It is important to express your pain and anger proactively and positively, keeping in mind the "human condition." Those who shun you show careless disregard for the human condition. I personally do not wish to be like them, and I suspect you don’t either. Therefore, whenever I see a JW, I treat them with kindness knowing full well why they are shunning me. This doesn’t mean that I don’t kindly endeavor to make solid and reasonable points as I have the opportunity. They may think they are being loyal to God and "showing me," but I know who I am, and I know who they are.

For example, when being shunned or treated coldly, I have told more than one JW, "You know, I didn't cease to be a human being when I was disfellowshipped." I want them to feel from an emotional perspective the pain of what they are doing, and maybe even some cognitive dissonance. Then perhaps the next time they see a disfellowshipped or disassociated person, they will think twice about being cold and unloving. This is not being codependent. I am not trying to control them, but I am maintaining my self-respect and dignity. Codependence is when you continue trying to make others associate with you when they refuse. Remember, part of working through your grief is to come to acceptance.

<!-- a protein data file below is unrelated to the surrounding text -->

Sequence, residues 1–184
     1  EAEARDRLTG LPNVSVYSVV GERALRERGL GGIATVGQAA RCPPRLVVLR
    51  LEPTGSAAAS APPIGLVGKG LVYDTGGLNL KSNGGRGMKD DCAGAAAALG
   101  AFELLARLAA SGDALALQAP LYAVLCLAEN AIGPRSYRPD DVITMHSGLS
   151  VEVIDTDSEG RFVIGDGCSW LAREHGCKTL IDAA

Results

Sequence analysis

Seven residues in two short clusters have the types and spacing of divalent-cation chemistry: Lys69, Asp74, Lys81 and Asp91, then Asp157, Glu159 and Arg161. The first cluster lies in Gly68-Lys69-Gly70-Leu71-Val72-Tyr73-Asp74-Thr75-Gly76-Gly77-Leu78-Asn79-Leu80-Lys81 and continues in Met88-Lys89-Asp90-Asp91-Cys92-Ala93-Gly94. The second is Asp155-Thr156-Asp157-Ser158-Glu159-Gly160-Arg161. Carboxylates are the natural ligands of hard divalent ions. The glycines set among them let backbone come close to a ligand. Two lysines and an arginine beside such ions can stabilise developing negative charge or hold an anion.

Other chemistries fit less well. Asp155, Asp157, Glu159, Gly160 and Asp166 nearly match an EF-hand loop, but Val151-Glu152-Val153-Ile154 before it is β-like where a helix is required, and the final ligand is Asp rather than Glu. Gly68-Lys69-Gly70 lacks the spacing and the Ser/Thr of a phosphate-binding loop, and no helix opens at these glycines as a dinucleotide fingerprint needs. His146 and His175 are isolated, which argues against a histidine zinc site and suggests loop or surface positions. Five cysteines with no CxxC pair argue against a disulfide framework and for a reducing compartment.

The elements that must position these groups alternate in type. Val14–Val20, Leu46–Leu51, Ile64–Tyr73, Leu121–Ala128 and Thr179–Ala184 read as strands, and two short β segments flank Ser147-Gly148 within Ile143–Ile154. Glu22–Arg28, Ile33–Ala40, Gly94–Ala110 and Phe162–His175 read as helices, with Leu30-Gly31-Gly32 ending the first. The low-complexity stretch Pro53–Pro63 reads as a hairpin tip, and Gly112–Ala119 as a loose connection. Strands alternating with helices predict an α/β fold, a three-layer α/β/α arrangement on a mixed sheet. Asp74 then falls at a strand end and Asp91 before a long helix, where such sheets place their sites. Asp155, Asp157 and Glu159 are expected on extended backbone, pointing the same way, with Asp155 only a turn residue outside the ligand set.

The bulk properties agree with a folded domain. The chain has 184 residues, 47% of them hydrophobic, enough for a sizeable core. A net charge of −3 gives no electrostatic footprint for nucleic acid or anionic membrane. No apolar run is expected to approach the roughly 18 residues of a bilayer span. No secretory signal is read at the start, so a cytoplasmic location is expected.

Notice the comments of another ex-JW:

"I will no longer be like a simpering dog, begging for scraps of attention from any of my family, including my own daughters... I simply will not make the first move, they will have to seek me out. When and if they do, I will extend all the love I still have for them." —Dan